Are SEP-IRA Contributions Subject To Self-Employment Tax?
A Simplified Employee Pension (SEP) is a traditional individual retirement account that may accept expanded employer contributions, including contributions from self-employed individuals. SEPs are treated as defined contribution plans and are subject to the overall limits on employer contributions. Deductible contributions for self-employed individuals are effectively limited to the lesser of $41,000 or 25% of net self-employment income.
For self-employed individuals, the question arises as to whether contributions to an individual’s own SEP are subject to self-employment tax. It is generally well understood that SEP contributions are not subject to Social Security or federal unemployment taxes for employees. In addition, the contributions to employee SEPs are clearly deductible from the self-employed individuals’ own income as an ordinary business expense. In fact, in Publication 560, the Internal Revenue Service advises sole proprietors to deduct contributions to employee SEPs on Schedule C, before determining net income subject to self-employment tax.
Until recently, IRS publications were not consistent, however, on how to treat self-employed individuals’ contributions to their own SEPs. The IRS, however, recently has removed the inconsistent instructions, and in Publication 560, the Service advises self-employed individuals to deduct contributions to their own SEPs on line 30 of Form 1040.
Following these instructions would leave their own SEP contributions subject to self-employment tax. Is this the correct result?
IRC Section 1402(a) defines net earnings from self-employment that are subject to the self-employment tax. It provides at least 15 different special deductions and exclusions from gross income, none of which explicitly includes a deduction for one’s own SEP contributions. IRC Section 1402(a) does, however, provide for all the normal business deductions allowed by the IRC. This is, in fact, how contributions to an ordinary employee’s SEP are deducted.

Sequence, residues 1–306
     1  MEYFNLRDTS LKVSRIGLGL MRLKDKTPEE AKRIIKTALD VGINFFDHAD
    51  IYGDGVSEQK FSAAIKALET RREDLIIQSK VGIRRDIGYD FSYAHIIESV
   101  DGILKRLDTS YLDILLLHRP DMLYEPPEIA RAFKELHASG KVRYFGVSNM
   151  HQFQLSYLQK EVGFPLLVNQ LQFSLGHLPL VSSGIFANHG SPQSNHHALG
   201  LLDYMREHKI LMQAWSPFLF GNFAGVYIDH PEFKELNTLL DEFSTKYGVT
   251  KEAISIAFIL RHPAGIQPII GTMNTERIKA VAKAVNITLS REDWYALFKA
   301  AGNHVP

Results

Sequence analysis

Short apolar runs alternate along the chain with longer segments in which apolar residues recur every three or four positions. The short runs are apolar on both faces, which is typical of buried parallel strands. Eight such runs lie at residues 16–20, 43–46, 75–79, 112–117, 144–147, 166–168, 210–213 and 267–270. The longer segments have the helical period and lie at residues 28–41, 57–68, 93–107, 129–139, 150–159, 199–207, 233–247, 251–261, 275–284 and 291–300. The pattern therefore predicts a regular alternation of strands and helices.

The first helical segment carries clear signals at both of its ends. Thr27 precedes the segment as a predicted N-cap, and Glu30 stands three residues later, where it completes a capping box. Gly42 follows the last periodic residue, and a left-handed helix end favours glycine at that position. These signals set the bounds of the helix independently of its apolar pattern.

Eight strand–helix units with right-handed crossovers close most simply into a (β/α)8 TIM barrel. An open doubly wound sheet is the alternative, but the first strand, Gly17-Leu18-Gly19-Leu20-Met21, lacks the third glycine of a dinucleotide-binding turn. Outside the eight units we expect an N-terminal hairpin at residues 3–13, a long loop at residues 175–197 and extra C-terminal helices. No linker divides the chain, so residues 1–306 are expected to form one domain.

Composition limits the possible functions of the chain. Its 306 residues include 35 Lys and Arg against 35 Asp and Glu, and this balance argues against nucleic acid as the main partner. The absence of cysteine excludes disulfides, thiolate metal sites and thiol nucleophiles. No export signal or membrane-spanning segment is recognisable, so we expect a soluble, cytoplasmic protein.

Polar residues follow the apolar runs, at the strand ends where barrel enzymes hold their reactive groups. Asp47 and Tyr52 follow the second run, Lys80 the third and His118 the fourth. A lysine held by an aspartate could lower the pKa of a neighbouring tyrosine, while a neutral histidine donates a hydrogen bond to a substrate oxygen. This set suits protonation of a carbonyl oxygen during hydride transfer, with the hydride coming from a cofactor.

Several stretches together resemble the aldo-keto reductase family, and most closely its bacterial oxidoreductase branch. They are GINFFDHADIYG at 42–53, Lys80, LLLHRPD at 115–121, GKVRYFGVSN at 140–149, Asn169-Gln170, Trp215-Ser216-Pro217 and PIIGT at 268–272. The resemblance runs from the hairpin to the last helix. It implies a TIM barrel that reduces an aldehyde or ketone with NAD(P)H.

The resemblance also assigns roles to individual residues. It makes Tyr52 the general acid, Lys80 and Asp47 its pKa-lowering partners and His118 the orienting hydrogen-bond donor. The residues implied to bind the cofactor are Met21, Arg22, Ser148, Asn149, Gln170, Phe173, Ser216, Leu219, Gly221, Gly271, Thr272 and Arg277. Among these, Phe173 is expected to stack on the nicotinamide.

So, is a self-employed individual an employee for purposes of deducting his own SEP contributions from self-employment income? Yes. Under IRC Sections 408(k)(7)(A) and 401(c), if the “personal services of the tax-payer are a material income-producing factor” in the business, then the self-employed individual will be treated as an employee with net income who is eligible for SEP contributions. There is no basis for distinguishing between SEP contributions on behalf of other employees and contributions on behalf of the self-employed owner who is actually working in the business.
So, it appears that the IRS has cleared up the inconsistency in its publications by choosing the wrong interpretation. All self-employed individuals with SEPs should consult with their tax advisors to see how this issue should be handled.
John Fenton, J.D., M.S.B.A., is a staff writer for Tax Facts, a National Underwriter Company publication. He can be reached via e-mail at email@example.com.
Reproduced from National Underwriter Edition, June 11, 2004. Copyright 2004 by The National Underwriter Company in the serial publication. All rights reserved.Copyright in this article as an independent work may be held by the author.